We began our meeting the other night with the leader asking each of us to share our favorite Christmas carol and to say something about it. I paged quickly through the hymnal in my mind and stopped at “In the Bleak Midwinter.”
My favorite recording of “In the Bleak Midwinter” is this by Corrinne May.
The images of the first stanzas of the hymn are painted from poet Christina Rossetti’s memories of winters in Nineteenth Century England; those in the last verses from the First Century and a story told from a little town in the Judean hill country called Bethlehem and from the fields nearby where shepherds were keeping watch over their sheep by night.
Of the bleak midwinter Rossetti writes,
Frosty wind made moan,
Earth stood hard as iron,
Water like a stone.
The words depict not just a scene of gray December, but of a world turned cold and hard – Caesar’s empire, Victorian England, this second decade of the Third Millennium.
Like a sharp knife cutting through the thick plastic packaging of some toy or gadget bought as a Christmas gift, Rossetti’s words cut through the thick glittery plastic and meaningless Muzak of a cultural Christmas as artificial as the trees and garlands that deck the malls.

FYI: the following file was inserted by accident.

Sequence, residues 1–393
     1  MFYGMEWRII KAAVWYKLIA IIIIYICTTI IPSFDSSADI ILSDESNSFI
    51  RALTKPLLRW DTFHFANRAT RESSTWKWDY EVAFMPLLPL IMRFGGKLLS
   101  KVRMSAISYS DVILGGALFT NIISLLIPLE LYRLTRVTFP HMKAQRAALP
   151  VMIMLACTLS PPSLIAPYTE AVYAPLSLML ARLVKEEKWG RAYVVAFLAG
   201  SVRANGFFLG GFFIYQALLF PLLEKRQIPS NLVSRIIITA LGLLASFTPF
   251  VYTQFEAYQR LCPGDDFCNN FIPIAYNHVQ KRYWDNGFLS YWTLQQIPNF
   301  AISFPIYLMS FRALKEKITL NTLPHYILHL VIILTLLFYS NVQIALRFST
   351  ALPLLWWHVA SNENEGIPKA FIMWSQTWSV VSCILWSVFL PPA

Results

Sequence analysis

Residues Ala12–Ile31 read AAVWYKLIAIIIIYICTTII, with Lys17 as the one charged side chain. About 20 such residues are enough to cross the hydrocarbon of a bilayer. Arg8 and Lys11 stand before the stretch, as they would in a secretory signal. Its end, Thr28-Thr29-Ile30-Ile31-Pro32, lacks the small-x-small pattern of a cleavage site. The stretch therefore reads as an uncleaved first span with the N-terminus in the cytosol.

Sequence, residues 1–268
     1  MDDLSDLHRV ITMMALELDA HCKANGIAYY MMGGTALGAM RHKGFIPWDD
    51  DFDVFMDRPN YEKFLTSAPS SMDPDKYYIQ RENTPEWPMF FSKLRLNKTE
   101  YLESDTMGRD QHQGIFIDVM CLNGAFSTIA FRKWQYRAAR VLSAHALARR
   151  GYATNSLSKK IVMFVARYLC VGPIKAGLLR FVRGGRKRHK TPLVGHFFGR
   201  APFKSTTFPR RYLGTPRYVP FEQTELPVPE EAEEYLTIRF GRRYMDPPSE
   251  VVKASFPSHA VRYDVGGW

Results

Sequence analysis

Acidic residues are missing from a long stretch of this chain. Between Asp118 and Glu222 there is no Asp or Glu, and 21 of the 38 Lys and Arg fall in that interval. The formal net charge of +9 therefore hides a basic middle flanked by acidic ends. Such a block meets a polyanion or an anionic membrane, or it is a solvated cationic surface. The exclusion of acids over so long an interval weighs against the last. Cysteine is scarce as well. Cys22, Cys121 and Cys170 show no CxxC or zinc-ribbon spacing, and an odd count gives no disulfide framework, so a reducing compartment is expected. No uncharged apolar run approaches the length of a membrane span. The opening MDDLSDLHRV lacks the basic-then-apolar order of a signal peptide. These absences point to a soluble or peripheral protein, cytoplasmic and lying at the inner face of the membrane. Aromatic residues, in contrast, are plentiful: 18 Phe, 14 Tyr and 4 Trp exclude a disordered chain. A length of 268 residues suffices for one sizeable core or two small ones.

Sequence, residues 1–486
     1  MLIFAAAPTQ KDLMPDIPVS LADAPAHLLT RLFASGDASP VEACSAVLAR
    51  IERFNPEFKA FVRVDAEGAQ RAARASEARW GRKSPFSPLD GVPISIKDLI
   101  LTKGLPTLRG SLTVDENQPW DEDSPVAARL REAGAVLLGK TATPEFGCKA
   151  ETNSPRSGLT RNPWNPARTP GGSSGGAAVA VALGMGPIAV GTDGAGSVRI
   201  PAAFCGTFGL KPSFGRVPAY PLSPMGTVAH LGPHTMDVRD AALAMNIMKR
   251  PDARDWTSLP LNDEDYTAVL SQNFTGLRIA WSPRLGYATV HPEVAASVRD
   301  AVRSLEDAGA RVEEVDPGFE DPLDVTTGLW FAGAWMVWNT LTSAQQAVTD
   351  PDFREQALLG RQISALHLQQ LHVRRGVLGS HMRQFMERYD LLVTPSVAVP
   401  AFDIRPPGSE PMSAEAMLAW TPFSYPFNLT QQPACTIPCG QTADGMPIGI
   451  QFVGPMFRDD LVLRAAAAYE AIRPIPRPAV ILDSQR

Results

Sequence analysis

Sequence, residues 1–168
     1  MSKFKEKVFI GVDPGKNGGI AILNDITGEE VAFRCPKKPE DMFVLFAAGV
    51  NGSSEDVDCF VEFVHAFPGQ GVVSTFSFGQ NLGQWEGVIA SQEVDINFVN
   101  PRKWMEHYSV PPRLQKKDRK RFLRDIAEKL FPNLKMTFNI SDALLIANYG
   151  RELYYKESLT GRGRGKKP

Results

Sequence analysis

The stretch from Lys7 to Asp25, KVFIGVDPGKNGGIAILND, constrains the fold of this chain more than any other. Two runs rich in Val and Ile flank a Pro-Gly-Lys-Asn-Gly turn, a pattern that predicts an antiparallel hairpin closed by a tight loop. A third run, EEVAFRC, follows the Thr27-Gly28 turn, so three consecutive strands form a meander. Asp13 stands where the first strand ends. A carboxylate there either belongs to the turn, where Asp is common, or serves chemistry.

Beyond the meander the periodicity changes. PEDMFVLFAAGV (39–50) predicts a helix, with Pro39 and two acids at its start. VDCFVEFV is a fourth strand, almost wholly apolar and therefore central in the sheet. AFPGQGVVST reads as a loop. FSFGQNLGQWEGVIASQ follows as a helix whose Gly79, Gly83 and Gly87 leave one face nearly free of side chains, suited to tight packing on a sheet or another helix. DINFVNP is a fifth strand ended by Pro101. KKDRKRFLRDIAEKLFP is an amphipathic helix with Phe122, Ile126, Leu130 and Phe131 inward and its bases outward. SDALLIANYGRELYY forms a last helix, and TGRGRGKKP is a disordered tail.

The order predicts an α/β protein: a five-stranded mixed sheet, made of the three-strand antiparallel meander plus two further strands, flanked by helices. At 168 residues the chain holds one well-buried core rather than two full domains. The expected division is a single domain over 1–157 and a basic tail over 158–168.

Our world is in desperate need of a savior and the bright colored lights and tinselly foil do not hide, but call attention to our desperation.
Bethlehem’s story is the story of God breaking into our bleak midwinter world:
Our God, heaven cannot hold him
Nor earth sustain;
Heaven and earth shall flee away
When he comes to reign:
In the bleak mid-winter
A stable-place sufficed
The Lord God Almighty
The hymn goes on to speak of angels and archangels who throng the air; more than bright light, the glory of the Lord filling the dark night of our times.
Her own heart touched by the Good News of great joy, Rossetti asks the question all of us who know that joy must ask:
What can I give him,
Poor as I am?
If I were a shepherd
I would bring a lamb;
If I were a wise man
I would do my part;
Yet what I can, I give him –
Give my heart.
Neither shepherd nor wise man, we give our hearts.
A bit cryptic, nevertheless, I offer my thanks to a cast of LPC people who yesterday left the sheep they were tending and the appointments they had made to give their hearts in service the one whose story unfolds in the bleak midwinter of our world and of our lives. The gospel softens even an earth stood hard as iron.
See you Sunday.